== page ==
How to Create a Business Continuity Plan

A business continuity plan is more important than ever. Hackers, bad weather, rolling blackouts, and now a global pandemic all show companies the importance of planning for a catastrophic event. Preparation is key to understanding how quickly a business can get back on its feet.

Unfortunately, many companies are only as good as the last disaster. But by following a few simple guidelines, any company should quickly bounce back after a major incident.

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What Is a Business Continuity Plan?

A Business Continuity Plan (BCP) plan describes the procedure a company needs to carry out to continue operating after any disruption. Unlike a Disaster Recovery Plan, a BCP goes beyond explaining the steps needed to restore technology resources and services. Instead, a BCP discusses how the entire business should move forward.

Large organizations are generally more prepared for a business disruption than their smaller counterparts. This is because most large corporations deal with more direct and indirect threats from internal and external forces. However, businesses of all sizes need to develop a continuity plan.

How to Create a Business Continuity Plan

Don’t Get Caught Up Planning for the Worst

Above all, keep things simple. Many companies overcomplicate their business continuity strategy by focusing on the absolute worst-case scenarios. For instance, planning for earthquakes in an area not prone to them should be considered, but not at the expense of more logical occurrences.

There are some things you shouldn’t or can’t plan for.

Limit the scope of your business continuity plan to actual threats, and remember: there are some things you shouldn’t or can’t plan for.

Hold Business Continuity Meetings

Having monthly meetings to hold the person or team responsible for business continuity is crucial to success. During these meetings, the team should present the current version of the BCP, assign out individual tasks, and examine and rank new threats. Keep everyone engaged and ask questions regarding events that are happening today.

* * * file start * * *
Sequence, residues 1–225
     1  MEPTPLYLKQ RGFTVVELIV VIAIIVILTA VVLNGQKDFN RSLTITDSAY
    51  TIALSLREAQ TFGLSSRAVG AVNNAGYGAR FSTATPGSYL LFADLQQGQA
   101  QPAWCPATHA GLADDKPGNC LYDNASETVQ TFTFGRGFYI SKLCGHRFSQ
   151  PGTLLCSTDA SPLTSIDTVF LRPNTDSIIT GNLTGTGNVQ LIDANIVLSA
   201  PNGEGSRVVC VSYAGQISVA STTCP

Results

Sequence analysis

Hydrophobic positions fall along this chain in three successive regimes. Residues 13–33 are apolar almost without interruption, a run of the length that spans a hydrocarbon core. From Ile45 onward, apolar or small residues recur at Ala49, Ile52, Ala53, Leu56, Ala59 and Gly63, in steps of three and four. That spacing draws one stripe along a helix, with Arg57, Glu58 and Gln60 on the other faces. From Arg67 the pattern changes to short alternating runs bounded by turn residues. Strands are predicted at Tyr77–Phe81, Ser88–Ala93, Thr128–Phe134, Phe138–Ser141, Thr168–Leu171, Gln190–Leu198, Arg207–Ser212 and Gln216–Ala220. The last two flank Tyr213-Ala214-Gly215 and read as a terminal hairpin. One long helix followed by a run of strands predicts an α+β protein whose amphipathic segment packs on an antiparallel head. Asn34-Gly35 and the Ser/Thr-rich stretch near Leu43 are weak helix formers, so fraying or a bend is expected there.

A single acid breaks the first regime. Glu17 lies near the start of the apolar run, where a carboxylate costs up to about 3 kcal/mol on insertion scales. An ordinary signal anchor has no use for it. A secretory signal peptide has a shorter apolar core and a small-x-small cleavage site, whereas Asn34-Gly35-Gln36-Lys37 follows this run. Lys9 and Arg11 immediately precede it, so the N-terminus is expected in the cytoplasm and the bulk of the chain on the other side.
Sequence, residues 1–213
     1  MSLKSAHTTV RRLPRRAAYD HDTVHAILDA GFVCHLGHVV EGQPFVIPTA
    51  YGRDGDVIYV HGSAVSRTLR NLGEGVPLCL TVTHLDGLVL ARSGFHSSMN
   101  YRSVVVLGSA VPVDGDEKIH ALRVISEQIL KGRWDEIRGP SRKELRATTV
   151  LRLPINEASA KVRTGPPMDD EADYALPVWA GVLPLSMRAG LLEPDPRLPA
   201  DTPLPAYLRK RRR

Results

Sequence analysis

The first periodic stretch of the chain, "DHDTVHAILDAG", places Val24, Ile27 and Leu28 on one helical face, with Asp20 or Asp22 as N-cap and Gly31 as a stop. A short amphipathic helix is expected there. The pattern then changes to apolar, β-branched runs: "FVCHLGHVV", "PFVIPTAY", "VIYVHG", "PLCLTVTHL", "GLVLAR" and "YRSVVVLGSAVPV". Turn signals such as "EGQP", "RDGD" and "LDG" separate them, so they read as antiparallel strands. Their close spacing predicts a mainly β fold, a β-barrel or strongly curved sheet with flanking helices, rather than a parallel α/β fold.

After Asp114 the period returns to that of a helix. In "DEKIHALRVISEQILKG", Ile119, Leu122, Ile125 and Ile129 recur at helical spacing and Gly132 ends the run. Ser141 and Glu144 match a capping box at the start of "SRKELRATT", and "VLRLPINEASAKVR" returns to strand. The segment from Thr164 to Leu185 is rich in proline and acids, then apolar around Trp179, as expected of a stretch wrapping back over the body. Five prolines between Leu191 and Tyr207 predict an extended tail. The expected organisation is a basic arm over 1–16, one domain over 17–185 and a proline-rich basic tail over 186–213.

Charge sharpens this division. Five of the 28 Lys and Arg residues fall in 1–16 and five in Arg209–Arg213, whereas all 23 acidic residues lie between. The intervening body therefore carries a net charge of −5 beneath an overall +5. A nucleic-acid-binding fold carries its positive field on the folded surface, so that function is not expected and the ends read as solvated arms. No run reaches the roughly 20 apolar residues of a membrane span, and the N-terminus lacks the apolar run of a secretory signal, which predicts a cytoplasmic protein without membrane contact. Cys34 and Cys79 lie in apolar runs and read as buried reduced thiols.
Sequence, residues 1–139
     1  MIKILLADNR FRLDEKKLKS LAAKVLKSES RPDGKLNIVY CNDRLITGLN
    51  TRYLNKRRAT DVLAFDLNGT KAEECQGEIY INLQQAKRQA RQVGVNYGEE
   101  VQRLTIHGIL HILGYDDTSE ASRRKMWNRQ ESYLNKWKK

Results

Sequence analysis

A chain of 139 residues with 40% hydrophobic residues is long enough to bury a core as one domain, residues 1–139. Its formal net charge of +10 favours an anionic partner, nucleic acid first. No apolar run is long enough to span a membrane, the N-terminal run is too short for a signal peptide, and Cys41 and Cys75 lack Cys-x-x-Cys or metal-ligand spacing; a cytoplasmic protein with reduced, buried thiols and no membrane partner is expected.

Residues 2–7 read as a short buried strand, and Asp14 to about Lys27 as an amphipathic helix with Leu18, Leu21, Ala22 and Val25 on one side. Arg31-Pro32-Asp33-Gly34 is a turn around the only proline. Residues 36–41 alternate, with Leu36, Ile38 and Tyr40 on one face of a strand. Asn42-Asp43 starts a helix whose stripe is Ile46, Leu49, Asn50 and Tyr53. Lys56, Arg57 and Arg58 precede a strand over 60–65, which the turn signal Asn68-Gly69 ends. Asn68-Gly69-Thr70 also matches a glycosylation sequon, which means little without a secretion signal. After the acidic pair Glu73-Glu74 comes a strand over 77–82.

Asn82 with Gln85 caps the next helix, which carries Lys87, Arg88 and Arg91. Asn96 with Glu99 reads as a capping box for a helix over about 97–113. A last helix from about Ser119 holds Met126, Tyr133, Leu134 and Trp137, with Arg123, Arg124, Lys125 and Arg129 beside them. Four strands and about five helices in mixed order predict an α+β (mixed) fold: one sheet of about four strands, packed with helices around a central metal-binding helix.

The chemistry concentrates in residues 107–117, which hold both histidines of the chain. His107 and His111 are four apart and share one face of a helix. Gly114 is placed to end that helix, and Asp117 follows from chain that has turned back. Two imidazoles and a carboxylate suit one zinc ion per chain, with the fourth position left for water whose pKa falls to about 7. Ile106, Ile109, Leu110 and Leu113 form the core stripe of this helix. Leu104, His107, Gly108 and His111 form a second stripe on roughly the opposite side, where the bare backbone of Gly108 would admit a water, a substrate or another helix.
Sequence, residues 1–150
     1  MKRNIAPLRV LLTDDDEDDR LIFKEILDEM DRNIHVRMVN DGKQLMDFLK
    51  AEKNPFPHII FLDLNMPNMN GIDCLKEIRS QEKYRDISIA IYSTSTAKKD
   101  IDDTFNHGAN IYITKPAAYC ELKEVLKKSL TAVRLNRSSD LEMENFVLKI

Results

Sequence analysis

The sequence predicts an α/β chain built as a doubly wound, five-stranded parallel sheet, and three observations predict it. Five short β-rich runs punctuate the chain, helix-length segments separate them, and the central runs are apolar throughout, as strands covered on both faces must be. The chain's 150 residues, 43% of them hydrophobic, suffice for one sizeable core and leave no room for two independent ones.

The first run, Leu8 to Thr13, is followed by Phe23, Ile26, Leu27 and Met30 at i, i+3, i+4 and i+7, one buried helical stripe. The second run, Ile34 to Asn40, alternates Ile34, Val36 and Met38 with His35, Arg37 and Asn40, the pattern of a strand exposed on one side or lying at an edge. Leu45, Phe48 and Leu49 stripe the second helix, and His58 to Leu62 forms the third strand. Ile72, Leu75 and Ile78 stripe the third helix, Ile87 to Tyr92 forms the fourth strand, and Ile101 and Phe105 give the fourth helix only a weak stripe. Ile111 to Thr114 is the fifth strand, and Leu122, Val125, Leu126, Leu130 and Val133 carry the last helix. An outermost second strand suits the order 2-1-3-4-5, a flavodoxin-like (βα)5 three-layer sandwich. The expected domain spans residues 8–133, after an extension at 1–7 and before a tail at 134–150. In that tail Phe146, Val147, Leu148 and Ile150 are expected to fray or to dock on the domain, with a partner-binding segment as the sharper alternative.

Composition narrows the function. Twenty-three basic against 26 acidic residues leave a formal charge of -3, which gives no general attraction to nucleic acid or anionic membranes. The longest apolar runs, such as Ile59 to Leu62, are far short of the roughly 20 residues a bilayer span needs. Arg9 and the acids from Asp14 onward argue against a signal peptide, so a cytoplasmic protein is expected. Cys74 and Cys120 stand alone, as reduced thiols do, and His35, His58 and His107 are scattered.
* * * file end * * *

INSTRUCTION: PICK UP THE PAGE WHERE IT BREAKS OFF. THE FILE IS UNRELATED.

These meetings can also be used to run the plan as if it was occurring in real time. If possible, the business continuity team should conduct drills every quarter to test the plan and make stakeholders aware of what needs to happen when a disruption occurs.

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The point is, business continuity planning is extremely important. The key to successful execution is to not get tangled in arguments over what should be in the plan when a disruption is already occurring.

Business Continuity Is an Ongoing Process

There is a tendency to forget or push off the business continuity meetings when things are quiet again. Vigilance is required; keep thinking about what may happen to the business.

However, business continuity teams need to understand that not everything is an apocalyptic disaster. Keep a finger on the pulse of internal and external events, have monthly sessions, quarterly testing, and document any changes to the plan. Further, the team should regularly communicate to the organization, especially the executive team and board.

Be sure everyone understands what to do, who to call, and where to go.

Smaller businesses might have a single person assigned to continuity planning, but they should do the same things a team would. Regardless of your team’s size, be sure everyone understands what to do, who to call, and where to go when the need arises.

Don’t Panic

Finally, don’t panic. Many companies provide business continuity services, which might be a good option for larger enterprises. Most small to medium companies can find resources to create a business continuity plan with little to no guidance.

The Federal Government’s business continuity plan guidelines are a good starting point if you’re unsure. Be prudent and review the steps outlined. If needed, seek a professional, reputable business continuity firm that specializes in your organization’s needs.

Create Your Business Continuity Plan

Business continuity isn’t just about technology. It is the overall procedures that keep the business going when things go wrong. Companies should plan for worst-case scenarios, but be practical in your business continuity scope and testing.

To be prepared, you should have monthly meetings, conduct quarterly drills, make changes when necessary, and most importantly — don’t panic.

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Kent Barnett
Kent Barnett is originally from Pittsburgh, Pennsylvania. For the past 35 years, he has been an instrumental player in the related fields of business, technology, and entrepreneurship. In the late 1990s, he founded his first company, which was later acquired by a multinational corporation. Barnett relocated to the technology corridor of Northern Virginia, where he has continued to build his expertise while providing advisory services to many national and international companies.

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